Lav Diaz’s vision of our nation’s near-future is not very different from how it is presently. The only differences are that streets and alleys are deserted at night, checkpoints where erring citizens are lined up to sing the National Anthem (snatched by Diaz from memories of his childhood) are placed instead. Despite that, literature and art flourishes amidst fascist asphyxiation. The nation has experienced similar circumstances under the Marcos regime, and faint but resounding reminders under the present regime. This is Diaz’s science fiction, which in turn is a wry observation of the state of the Philippine nation. There is not a spark of progress in display asManila in 2011 looks very much like Manila in 1990, made more melancholic by the uncomfortable stillness under the military junta. Instead, an atmosphere of paranoia pervades the near-noxious air.
General Racellos (Lawrence Espinosa) controls the land through the television and the radio. Announcements and bits of propaganda are disseminated with mechanical certainty; the true artists are working underground or fighting for freedom. Hesus (a quietly intense Mark Anthony Fernandez) is the film’s hero — he’s a poet, a gunfighter, a leader of the masses. His burden is an enveloping feeling of guilt, from killing his comrades as ordered by the mysterious Miguel Reynante (Ronnie Lazaro) — their revolutionary unit’s methods seem as fascist as the government’s.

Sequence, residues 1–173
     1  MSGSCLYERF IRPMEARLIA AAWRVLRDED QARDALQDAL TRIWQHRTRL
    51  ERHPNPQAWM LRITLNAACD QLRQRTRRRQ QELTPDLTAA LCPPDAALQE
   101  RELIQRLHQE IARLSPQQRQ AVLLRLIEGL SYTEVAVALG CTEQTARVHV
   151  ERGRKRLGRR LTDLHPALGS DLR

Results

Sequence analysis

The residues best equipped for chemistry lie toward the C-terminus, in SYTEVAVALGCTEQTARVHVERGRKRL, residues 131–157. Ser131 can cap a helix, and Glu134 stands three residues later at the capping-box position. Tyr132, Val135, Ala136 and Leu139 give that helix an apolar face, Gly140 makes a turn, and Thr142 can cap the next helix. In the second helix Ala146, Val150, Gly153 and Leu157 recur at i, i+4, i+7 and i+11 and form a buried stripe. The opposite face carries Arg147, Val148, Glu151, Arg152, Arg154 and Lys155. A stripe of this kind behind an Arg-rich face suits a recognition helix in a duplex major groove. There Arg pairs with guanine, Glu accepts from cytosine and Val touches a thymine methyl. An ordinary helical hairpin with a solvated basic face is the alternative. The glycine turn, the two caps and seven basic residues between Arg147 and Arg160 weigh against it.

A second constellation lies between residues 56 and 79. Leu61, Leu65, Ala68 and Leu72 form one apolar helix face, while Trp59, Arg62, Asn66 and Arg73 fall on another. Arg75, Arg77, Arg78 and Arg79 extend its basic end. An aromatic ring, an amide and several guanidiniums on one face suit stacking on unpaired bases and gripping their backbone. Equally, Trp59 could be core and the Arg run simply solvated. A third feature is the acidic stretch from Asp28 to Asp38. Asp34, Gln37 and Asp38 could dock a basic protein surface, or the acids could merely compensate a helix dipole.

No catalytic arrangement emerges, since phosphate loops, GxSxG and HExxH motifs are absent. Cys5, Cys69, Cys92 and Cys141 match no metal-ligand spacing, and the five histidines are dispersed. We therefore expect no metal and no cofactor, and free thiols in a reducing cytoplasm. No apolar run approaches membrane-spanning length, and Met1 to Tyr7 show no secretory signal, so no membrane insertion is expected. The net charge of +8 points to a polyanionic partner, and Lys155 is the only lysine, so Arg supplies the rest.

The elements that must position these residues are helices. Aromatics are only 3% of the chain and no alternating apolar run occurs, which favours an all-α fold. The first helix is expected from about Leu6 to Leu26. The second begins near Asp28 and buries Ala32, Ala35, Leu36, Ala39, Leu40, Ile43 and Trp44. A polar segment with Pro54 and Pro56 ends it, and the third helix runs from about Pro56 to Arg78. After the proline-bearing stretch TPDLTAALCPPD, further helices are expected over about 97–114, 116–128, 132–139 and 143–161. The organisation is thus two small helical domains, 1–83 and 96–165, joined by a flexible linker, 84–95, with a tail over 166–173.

Hesus’ redemption is owed not to his movement, but to his nation. His poem, read by Col. Simon (perfectly interpreted by Joel Lamangan) while he’s in a coma, discusses the joyful simplicities of life as disrupted by that certain corruption that has killed the nation; it is sorrowful and powerful the way the poem weaves the nation with spoken images of the family. Throughout the film, Hesus travels, hunted by government troops, directionless. We witness his nightmare-like dreams — memories from his childhood in Bicol, fantasies of Hilda (Donita Rose), miraculously cured of her blindness. That’s his utopia, bright and green as opposed to the grey and drab shadowy exteriors of Manila.
Diaz’s aesthetics is pitch-perfect. Slow to the point of stubbornness, yet it’s never dull. He knows when to cut at the right time; Diaz won’t cease to prolong a scene until he is satisfied that the emotions, the pain are succinctly conveyed. When Hesus kills all his comrades, Diaz doesn’t cut at the moment the last comrade is shot death. Instead, he lingers to show Hesus wallowing with self-doubt and guilt inflicted by the massacre.
Diaz also shows an adept sense of humor. Col. Simon waits for Hesus to wake up from his coma; Lamangan (brilliant, brilliant thespian) walks around, plays Hesus’ music, and prances to the rhythm of the music, before reading to him his poem. Overly extended, the dead pan humor breathes diversion (although, not at all distracting) to Diaz’s straightforward intentions.
The numerous action scenes (probably put to placate Lily Monteverde, the film’s producer) are coherently directed (there’s strategy in the action; none of the illogical and badly conceived shoot-outs that are typical to Filipino action films). There’s a meticulous concern for the mechanics of the action sequences — the shadows of the dimly lit corridors, corners and wide spaces become invitations to danger. It’s refreshing to finally watch a smartly directed action film.
Hesus Rebolusyonaryo was made from a measly few millions and was expected to make profit. It failed miserably in the box office (notwithstanding the presence of Fernandez and Rose, all bankable actors) and closed after a couple of days from its opening (films usually would last a week before being replaced). That’s the sad fate of this nation; that when finally, an intelligent and homegrown science fiction is released, Filipinos opt to march in zombie-like fashion to the latest Hollywood extravaganza. Talk about fascism in cinema.